Amy Tan is a prolific Asian-American author, born and raised in Oakland, California. She belongs to the group of the few American writers of Chinese descent who appear in the American literary canon. Thanks to her contribution, readers may be acquainted with the diverse aspects concerning the Chinese-American identity. All of Tan’s novels are written in a subtly personal style. They are a source of many insights, especially ones concerning “the intergenerational relationships” (Adams 80), that is, family matters. What may be of particular note to the reader is that the relationship between a Chinese mother and her Chinese-American daughter resembles nothing but a clash of a volcano with a tornado. However, in her writings Tan portrays also the bond between the Chinese immigrant mother and her mother in China, which is far more symbiotic in nature. The change that occurred to the mother-daughter bond after it has been replanted into a different cultural context deserves closer examination, on account of its significant influence on the Chinese-American identity. Moreover, what Xiaomei Chen describes as “cross-cultural and multicultural discourses . . . illuminated by an analysis of mother/daughter discourse,” offers readers from other cultures a noteworthy interpretative strategy, poses new questions, and delineates a new methodology both for literary and cultural studies (112). The study enclosed in this paper is based on two novels written by Amy Tan: The Joy Luck Club and The Bonesetter’s Daughter. These two books are collections of stories told by the characters in their struggle for building a bridge of understanding between two generations.

Frictions and tensions that arise between the Chinese mother and her Chinese-American daughter are often described by some critics as being the result of two specific factors. One is based on the misunderstandings caused by the generational gap – growing up in different times. Yet, one should not fail to notice that conflicts between parents and children are older even than the Chinese civilization itself, and are, therefore, nothing extraordinary. The other factor is far more interesting, as it originates from the cultural gap, meaning, growing up in different cultural environments. Marina Heung argues that “in Tan’s novel, the maternal experience of generational conflict and differentiation takes into account the realities of cultural difference” (604). In the case of the characters appearing in Tan’s novels, the mothers were raised in China and later emigrated to the United States. The daughters, however, were born and bred on the American land and have never even been to Asia. Walter Shear defines this conflict as a double communication barrier: “that between generations and that created by the waning influence of an older culture and the burgeoning presence of another” (2). For a Chinese-born mother the American reality instigates various confusions, as she still views her life through the prism of her traditional Chinese upbringing. On the other hand, her daughter lacks any profound knowledge about her Chinese ethnicity, which makes her unable to recognize the influences of her mother’s Chinese past over their relationship.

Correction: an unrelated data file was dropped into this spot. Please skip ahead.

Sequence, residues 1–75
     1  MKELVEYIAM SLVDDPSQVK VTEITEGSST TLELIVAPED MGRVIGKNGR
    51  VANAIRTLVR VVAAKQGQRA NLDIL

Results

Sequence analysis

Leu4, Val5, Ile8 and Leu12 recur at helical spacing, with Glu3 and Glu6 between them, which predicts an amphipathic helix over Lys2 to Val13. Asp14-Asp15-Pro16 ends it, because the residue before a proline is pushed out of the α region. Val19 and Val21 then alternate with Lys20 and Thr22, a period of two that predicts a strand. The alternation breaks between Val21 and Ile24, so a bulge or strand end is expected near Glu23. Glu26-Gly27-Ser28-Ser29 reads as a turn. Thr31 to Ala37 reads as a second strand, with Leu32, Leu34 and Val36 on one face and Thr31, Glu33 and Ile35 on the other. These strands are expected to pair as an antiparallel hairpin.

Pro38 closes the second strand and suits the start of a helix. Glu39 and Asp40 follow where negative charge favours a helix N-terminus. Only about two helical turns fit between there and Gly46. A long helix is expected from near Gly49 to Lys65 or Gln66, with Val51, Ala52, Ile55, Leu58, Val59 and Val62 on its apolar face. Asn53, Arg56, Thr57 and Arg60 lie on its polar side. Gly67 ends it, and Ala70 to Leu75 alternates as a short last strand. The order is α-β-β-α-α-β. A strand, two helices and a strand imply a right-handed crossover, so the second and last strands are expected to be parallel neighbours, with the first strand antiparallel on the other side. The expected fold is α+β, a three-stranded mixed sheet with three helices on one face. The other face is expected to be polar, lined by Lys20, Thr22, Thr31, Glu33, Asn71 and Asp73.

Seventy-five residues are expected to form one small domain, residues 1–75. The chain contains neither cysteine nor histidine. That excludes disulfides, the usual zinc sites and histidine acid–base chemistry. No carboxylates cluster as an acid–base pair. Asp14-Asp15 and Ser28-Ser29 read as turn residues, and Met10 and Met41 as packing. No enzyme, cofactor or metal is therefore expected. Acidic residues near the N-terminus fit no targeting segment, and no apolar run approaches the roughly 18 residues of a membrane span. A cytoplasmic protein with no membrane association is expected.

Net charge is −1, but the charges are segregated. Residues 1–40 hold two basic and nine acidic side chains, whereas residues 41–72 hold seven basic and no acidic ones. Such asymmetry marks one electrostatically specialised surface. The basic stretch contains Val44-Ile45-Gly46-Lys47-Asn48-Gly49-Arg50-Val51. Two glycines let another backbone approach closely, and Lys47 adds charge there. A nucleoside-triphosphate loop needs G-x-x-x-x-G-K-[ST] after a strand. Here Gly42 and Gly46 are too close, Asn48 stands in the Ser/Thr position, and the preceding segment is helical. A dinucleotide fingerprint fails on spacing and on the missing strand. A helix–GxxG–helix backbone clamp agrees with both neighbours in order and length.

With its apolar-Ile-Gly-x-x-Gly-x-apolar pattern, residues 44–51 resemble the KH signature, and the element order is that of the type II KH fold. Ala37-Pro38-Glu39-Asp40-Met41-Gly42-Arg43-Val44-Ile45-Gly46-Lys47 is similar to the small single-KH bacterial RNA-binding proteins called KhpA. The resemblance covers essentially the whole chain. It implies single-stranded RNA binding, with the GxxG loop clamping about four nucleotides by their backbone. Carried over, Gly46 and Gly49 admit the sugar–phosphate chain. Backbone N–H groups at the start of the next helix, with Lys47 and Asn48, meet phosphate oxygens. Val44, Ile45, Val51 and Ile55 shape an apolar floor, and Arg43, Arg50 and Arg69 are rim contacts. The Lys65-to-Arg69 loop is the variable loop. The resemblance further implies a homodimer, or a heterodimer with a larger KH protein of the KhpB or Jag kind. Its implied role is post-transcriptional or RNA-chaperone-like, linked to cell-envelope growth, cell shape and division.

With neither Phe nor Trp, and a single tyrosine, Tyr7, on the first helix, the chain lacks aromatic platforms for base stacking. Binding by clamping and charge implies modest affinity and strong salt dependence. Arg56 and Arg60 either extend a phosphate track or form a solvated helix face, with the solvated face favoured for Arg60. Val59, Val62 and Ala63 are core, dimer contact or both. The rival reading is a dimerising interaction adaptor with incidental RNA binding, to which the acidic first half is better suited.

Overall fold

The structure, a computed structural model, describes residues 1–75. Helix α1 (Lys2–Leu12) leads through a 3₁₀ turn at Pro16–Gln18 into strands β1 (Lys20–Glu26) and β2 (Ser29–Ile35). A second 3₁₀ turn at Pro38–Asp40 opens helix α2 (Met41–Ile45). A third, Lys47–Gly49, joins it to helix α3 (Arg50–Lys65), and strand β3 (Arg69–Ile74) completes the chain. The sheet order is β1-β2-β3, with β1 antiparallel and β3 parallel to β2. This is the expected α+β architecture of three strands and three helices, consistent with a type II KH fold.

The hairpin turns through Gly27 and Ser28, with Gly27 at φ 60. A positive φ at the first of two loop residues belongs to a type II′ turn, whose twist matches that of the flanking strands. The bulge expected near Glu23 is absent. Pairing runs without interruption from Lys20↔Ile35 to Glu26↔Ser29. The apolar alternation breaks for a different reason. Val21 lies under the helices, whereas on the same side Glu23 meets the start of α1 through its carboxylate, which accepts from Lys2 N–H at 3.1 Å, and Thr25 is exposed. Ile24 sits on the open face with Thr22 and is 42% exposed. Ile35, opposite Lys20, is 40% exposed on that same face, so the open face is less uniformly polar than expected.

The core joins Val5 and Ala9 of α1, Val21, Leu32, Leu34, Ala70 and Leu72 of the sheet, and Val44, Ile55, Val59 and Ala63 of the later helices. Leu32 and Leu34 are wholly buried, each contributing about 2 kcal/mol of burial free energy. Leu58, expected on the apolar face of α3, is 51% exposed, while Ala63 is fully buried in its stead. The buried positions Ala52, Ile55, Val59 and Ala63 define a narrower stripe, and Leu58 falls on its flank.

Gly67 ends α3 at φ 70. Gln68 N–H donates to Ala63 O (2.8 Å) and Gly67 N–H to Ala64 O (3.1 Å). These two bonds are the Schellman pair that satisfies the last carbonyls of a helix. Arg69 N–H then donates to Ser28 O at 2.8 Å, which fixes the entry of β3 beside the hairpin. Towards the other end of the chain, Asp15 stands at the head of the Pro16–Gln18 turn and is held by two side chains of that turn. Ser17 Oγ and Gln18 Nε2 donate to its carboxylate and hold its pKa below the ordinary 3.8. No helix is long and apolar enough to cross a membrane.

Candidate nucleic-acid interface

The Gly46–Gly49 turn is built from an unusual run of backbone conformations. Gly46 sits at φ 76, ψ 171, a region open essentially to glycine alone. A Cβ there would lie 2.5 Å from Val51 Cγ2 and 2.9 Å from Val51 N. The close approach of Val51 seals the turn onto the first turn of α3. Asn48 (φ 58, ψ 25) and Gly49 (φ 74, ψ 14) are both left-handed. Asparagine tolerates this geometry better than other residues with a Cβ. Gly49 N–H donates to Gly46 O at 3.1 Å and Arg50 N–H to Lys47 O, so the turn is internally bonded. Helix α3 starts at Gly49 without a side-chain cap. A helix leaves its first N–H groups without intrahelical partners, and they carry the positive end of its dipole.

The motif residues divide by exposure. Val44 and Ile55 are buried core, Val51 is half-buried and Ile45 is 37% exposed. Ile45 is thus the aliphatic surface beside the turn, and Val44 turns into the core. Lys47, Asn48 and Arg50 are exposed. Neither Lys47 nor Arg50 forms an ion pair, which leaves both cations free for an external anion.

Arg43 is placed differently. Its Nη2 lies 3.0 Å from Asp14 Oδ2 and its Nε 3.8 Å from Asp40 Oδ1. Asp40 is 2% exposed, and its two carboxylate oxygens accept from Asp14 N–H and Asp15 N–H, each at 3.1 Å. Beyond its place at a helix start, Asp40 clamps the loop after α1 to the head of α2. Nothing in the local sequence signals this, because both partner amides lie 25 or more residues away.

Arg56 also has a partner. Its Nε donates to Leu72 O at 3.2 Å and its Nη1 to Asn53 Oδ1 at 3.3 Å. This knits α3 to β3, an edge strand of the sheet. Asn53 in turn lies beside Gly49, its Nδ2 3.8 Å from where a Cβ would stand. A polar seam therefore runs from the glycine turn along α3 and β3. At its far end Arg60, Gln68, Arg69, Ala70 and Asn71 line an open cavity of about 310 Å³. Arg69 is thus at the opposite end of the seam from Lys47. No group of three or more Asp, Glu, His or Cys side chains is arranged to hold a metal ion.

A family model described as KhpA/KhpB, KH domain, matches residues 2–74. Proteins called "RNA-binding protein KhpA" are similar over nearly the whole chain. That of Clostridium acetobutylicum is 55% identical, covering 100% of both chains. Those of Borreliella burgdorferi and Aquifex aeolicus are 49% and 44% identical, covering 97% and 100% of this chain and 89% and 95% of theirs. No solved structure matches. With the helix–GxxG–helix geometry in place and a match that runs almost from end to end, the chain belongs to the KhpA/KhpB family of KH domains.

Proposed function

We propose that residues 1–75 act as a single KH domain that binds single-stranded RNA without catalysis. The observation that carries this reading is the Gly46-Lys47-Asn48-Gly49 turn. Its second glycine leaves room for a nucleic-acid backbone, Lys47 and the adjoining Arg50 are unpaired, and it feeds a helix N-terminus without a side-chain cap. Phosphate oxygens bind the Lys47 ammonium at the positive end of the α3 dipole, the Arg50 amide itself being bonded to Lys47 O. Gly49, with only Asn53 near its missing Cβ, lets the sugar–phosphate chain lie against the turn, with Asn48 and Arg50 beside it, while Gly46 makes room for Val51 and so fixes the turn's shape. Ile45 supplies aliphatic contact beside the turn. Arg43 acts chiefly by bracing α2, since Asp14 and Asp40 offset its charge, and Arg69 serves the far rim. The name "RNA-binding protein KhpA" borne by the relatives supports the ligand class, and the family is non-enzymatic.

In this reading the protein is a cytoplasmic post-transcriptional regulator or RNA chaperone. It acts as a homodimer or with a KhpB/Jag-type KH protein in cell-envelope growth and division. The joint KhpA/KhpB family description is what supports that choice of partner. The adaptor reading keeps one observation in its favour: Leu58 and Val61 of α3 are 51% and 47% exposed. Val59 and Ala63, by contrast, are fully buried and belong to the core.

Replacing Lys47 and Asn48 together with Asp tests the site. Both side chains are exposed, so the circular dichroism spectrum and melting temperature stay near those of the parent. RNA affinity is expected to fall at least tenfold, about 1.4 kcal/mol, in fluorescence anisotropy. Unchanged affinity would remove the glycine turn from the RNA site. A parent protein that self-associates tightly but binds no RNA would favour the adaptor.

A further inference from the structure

Taking into account the abovementioned conflict, both analyzed texts clearly illustrate that the void between the Chinese and the American culture is immense. It was Edward T. Hall’s high and low-context culture theory that inspired me to believe that, in fact, no actual communication between the two separate cultures is possible. At least, not as long as they lack any thorough knowledge about each other. In his book entitled Beyond Culture, Hall distinguishes between two groups of cultures: the high-context and the low-context ones. The Chinese culture belongs to the group of the high-context cultures. In order to fully understand its messages, one needs to place it in the appropriate cultural context. The knowledge about the Chinese tradition enables the recipient to decode the message properly, together with its implied meaning (Hall 94). The examples from Tan’s novels, which will appear later in this paper, show that in highly contextual societies, even the simplest sentence uttered under certain circumstances can be misinterpreted. Conversely, the American culture belongs to the low-context group, which sends messages that are far less dependable on the cultural context. The well-known American openness and their frank attitude allows little inaccuracy in this matter. Hence, if the low-context American culture is not familiar with the intricacies represented by the Chinese high-context culture, their communication is unsuccessful. This is what Lisa M. S. Dunick defines as “a faulty translation.” In her understanding, “[t]hese failed attempts at communication are in part produced by a tension between persons who have different understandings of how stories, culture, and language are supposed to work” (6-7). Likewise, the Chinese senders may overanalyze low-context messages, being oblivious to the fact that there are no “cultural strings” attached to what is actually being said.